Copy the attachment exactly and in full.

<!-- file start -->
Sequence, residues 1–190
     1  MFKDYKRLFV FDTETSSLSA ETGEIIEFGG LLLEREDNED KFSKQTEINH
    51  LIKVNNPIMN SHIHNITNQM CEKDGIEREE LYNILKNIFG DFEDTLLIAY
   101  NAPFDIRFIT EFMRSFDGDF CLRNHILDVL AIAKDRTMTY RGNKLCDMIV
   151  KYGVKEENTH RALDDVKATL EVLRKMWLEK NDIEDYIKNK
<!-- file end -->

Sequence, residues 1–190
     1  MFKDYKRLFV FDTETSSLSA ETGEIIEFGG LLLEREDNED KFSKQTEINH
    51  LIKVNNPIMN SHIHNITNQM CEKDGIEREE LYNILKNIFG DFEDTLLIAY
   101  NAPFDIRFIT EFMRSFDGDF CLRNHILDVL AIAKDRTMTY RGNKLCDMIV
   151  KYGVKEENTH RALDDVKATL EVLRKMWLEK NDIEDYIKNK